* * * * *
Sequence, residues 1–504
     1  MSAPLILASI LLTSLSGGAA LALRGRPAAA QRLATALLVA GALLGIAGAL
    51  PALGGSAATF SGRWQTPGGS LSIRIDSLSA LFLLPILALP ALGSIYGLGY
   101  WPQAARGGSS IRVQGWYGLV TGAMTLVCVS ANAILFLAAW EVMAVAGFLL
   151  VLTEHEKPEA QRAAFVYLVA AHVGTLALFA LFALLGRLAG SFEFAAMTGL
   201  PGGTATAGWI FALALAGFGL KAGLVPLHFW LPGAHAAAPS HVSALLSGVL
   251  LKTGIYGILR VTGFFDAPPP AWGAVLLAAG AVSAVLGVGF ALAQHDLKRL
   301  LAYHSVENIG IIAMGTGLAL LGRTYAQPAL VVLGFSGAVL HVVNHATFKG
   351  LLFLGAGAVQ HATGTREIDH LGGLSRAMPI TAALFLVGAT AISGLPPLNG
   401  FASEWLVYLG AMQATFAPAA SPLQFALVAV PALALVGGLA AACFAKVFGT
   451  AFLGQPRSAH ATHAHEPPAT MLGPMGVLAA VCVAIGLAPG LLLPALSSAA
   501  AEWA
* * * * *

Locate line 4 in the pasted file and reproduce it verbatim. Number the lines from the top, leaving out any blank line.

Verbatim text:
   101  WPQAARGGSS IRVQGWYGLV TGAMTLVCVS ANAILFLAAW EVMAVAGFLL